Thursday 17th May 2018

We’re well into the swing of 2018, survived what seemed like an awfully long winter (here in the Northern hemisphere), and you’re feeling stressed. While stress isn’t a mental health problem, it can as states, “lead to a range of mental health problems such as depression and anxiety, and even self-harm and suicide. By tackling stress, we can go a long way to tackling mental health problems.”

Every year in the United Kingdom, thousands support Mental Health Awareness week, 14-20 May. The theme for this year is stress.

Why are we feeling so stressed?

Financial problems, personal relationship difficulties, housing, commuting and a host of other factors could be contributing to stress levels. One of these factors… our work environments.

According to The Health and Safety Executive(HSE), the following are primary causes of work-related stress:

  1. Job demands – employees can feel overwhelmed with workloads or work types, and could feel overloaded.
  2. Work control – the level at which employees feel that their opinion matters and taken into account affects their satisfaction and performance levels.
  3. Employer support – employees who feel they can’t discuss issues or worries with their managers or colleagues could result in a rise in sickness absences.
  4. Work relationships – not building relationships on good behaviour as well as trust could lead to problems related to grievances, disciplinary issues or bullying.
  5. Employee roles – not knowing where you fit in to the framework of the company, what is expected of you, your role and contribution can cause stress.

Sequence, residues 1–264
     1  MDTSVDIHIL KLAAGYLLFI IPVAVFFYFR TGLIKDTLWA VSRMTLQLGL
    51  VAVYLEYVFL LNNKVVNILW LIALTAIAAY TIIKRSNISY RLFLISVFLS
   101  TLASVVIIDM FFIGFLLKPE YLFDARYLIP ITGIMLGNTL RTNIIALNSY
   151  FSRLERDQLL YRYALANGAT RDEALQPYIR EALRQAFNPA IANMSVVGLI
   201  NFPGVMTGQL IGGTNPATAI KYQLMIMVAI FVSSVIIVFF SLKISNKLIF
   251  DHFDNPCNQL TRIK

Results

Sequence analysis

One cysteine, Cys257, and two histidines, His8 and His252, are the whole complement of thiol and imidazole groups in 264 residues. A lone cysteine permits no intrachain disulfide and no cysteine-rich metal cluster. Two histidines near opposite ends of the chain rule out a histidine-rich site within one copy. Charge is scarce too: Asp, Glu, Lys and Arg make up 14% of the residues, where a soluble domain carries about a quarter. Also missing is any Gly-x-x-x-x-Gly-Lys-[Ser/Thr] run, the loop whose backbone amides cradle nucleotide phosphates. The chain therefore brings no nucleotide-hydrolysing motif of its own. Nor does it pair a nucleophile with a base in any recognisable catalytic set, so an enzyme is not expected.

6. Change management – if change is not managed effectively, uncertainty and insecurities cold occur.

More recent research found that:

  • 28 per cent of Millennials felt the most under pressure at work, more so than any other generation, and that they were expected to work though this stress in their jobs.
  • 34 per cent of millennials stated that stress made them less productive at work; this compared to 19 per cent of older generations.
  • Only 14 per cent of people said they were actually comfortable speaking to their managers about their stress levels.

Why should we be looking at reducing workplace stress?

Company objections, ROI, as well as internal productivity and collaboration all benefit from happy employees, but it should also be noted that workplace stress can factor in how we manage stress at home. Feeling secure, happy and fully supported at work are mental boosters that we take with us after the workday is over.

A third of people in the UK have experienced suicidal feelings as a result of stress, and with the growing number of millennials feeling the pressures of the employee market, more so than past generations, it is time that we as a society, sit up, become more aware of stress levels, the stress levels of our friends, families and colleagues…

How can we reduce workplace stress?

Before we make assumptions about colleagues, it is important that we can identify signs, that could then lead to more possible action:

  • Have there been changes in employee behaviour or mood?
  • Is their interaction different with colleagues?
  • Have work standards dropped or has focus shifted?
  • Are there shifts in appearance – do they look or seem tired, anxious or withdrawn?
  • Is there a change in habits such as appetite, increased smoking or drinking levels?